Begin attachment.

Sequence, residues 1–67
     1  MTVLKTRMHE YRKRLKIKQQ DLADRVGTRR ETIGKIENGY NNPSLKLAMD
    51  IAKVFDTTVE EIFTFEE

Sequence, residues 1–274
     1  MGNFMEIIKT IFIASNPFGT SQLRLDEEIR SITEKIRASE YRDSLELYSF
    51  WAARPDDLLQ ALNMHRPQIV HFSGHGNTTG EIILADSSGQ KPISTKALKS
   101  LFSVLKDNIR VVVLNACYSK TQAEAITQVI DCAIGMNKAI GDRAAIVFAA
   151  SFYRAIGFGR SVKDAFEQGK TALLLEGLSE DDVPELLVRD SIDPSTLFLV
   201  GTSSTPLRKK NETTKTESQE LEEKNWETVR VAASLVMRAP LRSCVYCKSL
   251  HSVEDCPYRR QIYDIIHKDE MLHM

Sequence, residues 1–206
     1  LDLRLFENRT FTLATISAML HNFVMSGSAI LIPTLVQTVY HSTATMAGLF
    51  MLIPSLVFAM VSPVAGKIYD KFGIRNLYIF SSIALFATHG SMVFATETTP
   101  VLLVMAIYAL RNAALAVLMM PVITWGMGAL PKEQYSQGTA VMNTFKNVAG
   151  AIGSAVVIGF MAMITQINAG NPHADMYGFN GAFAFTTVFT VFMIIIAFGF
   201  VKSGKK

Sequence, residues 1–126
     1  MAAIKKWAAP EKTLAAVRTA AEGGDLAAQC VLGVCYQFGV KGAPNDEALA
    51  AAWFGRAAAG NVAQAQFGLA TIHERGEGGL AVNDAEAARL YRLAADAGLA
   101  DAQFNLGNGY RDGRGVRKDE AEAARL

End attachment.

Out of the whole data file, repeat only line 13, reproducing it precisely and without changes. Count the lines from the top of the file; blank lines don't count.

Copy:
    51  MLIPSLVFAM VSPVAGKIYD KFGIRNLYIF SSIALFATHG SMVFATETTP